Shrubs are an indispensable part of any well-designed landscape. Along with trees, shrubs form the backbone of a garden, giving it permanence, shelter, shade, privacy and year-round colour.
Taller than herbaceous plants and shorter than trees, shrubs play an important role in tying together elements of varying heights in the landscape. The gap between the tall trees and low-growing grass and groundcovers can look rather abrupt, but a selection of shrubs of intermediate heights will fill this gap.
Attractive yet functional
Many ornamental shrubs can be enjoyed for the beauty of their flower, foliage or fruits, but their role extends beyond providing decorative greenery in your yard. From attracting birds to creating screens for privacy, shrubs have many practical uses that make your garden striking as well as functional. The best thing about shrubs is they are small enough to be planted in areas where trees will not fit, yet large enough to add texture, form and height to a landscape. Shrubs can be effectively used to fill spaces and define areas around your yard. Taller shrubs can be planted behind flowering beds as a solid backdrop or foundation.
Attractive flowering shrubs with long term interest can be used as single specimen to provide appealing focal points. For instance, ornamental shrubs such as jatropha, ixora and hibiscus with bright red showy blooms can be inter-planted with white grasses such as pennisetum or flowering annuals for creating eye-catching accents around the paved area, or in the corner of the lawn, where the blossoming shrub can be viewed from all sides. Another appropriate place for planting a solitary shrub as a primary focal point is near the front door, where it will stand out and direct attention to the entrance.
In bigger yards, several shrubs can be planted in groups or in rows for a more dramatic effect. You can plant the shrubs of the same type together for a unified effect or select a combination of shrubs to create colourful contrasts.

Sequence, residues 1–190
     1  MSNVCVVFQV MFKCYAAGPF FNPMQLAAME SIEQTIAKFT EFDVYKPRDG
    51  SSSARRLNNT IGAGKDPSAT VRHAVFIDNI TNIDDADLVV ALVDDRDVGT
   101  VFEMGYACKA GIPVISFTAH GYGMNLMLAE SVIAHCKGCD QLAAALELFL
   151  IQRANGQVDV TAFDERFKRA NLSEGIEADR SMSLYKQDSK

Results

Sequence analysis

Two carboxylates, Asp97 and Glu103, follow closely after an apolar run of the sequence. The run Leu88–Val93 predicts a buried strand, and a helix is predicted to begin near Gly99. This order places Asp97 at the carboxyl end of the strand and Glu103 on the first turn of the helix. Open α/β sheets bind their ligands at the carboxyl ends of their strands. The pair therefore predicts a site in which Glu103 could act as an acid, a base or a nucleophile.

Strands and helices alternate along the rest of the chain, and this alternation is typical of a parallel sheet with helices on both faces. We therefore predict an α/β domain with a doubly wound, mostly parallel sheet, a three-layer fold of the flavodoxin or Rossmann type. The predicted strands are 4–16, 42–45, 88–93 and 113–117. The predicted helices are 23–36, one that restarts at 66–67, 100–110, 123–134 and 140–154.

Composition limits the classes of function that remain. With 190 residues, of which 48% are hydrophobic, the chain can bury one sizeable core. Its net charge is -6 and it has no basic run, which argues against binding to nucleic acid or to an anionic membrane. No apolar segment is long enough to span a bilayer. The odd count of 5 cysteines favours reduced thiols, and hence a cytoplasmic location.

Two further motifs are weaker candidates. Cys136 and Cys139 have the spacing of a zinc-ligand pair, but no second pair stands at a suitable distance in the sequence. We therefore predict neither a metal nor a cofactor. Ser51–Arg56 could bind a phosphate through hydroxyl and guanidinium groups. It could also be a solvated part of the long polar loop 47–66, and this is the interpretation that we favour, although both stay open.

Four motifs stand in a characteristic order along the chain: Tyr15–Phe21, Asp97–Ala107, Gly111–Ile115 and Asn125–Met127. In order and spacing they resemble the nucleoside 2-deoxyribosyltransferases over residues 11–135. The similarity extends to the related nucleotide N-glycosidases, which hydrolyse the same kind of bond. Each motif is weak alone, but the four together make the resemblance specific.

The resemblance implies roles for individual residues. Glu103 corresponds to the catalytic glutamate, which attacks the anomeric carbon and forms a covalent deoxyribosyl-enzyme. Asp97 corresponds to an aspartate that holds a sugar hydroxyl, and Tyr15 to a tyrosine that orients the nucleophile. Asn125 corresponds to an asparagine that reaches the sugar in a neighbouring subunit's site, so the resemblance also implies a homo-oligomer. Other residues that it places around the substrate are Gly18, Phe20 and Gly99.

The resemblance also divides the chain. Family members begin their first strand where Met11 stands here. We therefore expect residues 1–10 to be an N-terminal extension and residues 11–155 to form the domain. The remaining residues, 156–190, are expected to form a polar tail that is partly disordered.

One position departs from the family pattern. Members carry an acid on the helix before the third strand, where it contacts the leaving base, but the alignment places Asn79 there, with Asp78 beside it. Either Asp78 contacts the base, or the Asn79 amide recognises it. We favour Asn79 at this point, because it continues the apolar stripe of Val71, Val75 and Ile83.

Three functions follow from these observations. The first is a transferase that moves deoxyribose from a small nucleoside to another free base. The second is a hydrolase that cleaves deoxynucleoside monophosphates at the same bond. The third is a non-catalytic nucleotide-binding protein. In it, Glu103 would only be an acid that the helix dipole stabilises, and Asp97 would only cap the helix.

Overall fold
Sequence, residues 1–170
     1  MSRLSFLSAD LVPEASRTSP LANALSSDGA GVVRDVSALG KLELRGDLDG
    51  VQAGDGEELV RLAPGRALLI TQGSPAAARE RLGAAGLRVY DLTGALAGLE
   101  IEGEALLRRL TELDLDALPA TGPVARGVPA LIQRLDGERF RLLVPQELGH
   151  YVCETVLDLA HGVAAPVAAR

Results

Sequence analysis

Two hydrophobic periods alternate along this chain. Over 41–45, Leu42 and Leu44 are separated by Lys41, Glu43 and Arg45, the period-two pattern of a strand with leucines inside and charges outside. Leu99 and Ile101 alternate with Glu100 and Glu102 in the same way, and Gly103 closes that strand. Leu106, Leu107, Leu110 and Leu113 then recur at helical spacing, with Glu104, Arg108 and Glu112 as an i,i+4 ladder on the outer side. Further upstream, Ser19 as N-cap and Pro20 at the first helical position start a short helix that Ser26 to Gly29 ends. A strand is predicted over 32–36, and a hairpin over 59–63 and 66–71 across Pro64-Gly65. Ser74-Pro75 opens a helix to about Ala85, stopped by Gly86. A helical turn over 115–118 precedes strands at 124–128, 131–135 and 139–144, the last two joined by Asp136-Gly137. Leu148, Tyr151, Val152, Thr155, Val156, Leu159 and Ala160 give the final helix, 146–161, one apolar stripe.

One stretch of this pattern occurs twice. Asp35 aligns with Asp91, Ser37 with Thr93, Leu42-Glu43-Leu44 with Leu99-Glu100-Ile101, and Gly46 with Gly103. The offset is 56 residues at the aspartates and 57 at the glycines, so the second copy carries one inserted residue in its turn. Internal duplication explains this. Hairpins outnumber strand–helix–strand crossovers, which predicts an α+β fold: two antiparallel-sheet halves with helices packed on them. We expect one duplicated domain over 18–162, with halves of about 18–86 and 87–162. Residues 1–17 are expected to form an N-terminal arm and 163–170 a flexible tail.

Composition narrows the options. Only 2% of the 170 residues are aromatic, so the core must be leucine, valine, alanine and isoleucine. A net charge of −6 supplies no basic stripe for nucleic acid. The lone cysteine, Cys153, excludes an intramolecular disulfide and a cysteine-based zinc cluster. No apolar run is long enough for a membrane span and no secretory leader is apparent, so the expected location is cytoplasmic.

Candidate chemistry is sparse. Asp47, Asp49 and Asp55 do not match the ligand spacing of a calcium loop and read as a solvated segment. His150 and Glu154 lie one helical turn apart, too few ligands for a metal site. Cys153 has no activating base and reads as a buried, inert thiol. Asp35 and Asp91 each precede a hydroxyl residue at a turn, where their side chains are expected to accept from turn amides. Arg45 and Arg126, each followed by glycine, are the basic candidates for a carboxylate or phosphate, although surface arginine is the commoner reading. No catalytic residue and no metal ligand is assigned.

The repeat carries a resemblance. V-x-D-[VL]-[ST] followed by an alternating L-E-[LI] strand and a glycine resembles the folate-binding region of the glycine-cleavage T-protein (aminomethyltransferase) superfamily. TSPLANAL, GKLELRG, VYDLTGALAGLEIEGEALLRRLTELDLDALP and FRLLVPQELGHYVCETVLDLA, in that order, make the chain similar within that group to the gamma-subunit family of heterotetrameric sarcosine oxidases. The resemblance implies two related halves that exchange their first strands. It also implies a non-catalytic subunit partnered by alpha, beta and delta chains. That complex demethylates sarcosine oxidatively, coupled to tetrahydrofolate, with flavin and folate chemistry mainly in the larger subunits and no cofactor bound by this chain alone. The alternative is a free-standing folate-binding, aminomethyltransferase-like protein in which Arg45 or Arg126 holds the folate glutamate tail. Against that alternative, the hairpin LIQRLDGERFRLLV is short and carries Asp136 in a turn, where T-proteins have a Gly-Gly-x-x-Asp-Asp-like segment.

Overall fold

Shrubs can be used to frame pathways, or to create mixed borders, when planted with groundcovers. A mixed shrub border is a clever way of combining different plants with different seasonal displays. Many medium-sized shrubs make great companions to herbaceous annuals and perennials, providing cool shade for their growth when the sun gets too hot.
Shrubs are also used as hedges or for screening unsightly features in your garden. Even if your garden already has a fence or a compound wall for privacy, planting a row of shrubs will soften the harsh lines of the fence. Many shrubs such as peacock flower, yellow oleander, etc., make excellent informal hedges.
A strikingly handsome shrub commonly used for enhancing the landscape is the peacock flower (Caesalpinia pulcherrima). This attractive shrub with its profusion of bright orange showy flowers is extensively planted in commercial and residential properties in the UAE as a screen, hedge or accent plant.
Selecting the shrubs
When carefully selected, an area planted with shrubs has a much lower maintenance demands than a similar area of lawn.
The key to successful gardening is to understand the growing conditions of your yard and select plants accordingly. While a shrub may look very attractive in a public park or a nursery, it will not look anywhere near as stunning in your garden if the soil, light and water conditions of your yard do not meet the plant's cultural requirements.